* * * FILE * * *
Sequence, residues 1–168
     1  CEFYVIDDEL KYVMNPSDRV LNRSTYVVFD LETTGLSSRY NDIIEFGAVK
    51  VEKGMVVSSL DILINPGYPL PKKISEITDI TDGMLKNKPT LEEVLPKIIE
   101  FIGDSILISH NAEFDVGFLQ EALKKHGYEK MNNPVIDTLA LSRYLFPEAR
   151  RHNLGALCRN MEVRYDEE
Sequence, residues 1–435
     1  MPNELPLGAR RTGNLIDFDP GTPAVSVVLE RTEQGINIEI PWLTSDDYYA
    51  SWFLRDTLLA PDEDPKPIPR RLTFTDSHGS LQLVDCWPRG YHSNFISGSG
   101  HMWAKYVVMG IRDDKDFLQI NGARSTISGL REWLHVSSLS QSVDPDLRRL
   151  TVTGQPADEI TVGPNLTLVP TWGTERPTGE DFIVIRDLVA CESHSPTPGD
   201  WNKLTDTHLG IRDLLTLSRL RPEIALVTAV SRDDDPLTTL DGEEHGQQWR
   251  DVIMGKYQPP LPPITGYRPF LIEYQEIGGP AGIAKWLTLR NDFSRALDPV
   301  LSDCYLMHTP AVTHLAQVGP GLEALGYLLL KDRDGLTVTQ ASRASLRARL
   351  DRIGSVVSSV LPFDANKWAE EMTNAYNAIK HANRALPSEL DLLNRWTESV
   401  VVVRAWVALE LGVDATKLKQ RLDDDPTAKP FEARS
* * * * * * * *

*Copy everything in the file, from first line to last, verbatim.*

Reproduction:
Sequence, residues 1–168
     1  CEFYVIDDEL KYVMNPSDRV LNRSTYVVFD LETTGLSSRY NDIIEFGAVK
    51  VEKGMVVSSL DILINPGYPL PKKISEITDI TDGMLKNKPT LEEVLPKIIE
   101  FIGDSILISH NAEFDVGFLQ EALKKHGYEK MNNPVIDTLA LSRYLFPEAR
   151  RHNLGALCRN MEVRYDEE
Sequence, residues 1–435
     1  MPNELPLGAR RTGNLIDFDP GTPAVSVVLE RTEQGINIEI PWLTSDDYYA
    51  SWFLRDTLLA PDEDPKPIPR RLTFTDSHGS LQLVDCWPRG YHSNFISGSG
   101  HMWAKYVVMG IRDDKDFLQI NGARSTISGL REWLHVSSLS QSVDPDLRRL
   151  TVTGQPADEI TVGPNLTLVP TWGTERPTGE DFIVIRDLVA CESHSPTPGD
   201  WNKLTDTHLG IRDLLTLSRL RPEIALVTAV SRDDDPLTTL DGEEHGQQWR
   251  DVIMGKYQPP LPPITGYRPF LIEYQEIGGP AGIAKWLTLR NDFSRALDPV
   301  LSDCYLMHTP AVTHLAQVGP GLEALGYLLL KDRDGLTVTQ ASRASLRARL
   351  DRIGSVVSSV LPFDANKWAE EMTNAYNAIK HANRALPSEL DLLNRWTESV
   401  VVVRAWVALE LGVDATKLKQ RLDDDPTAKP FEARS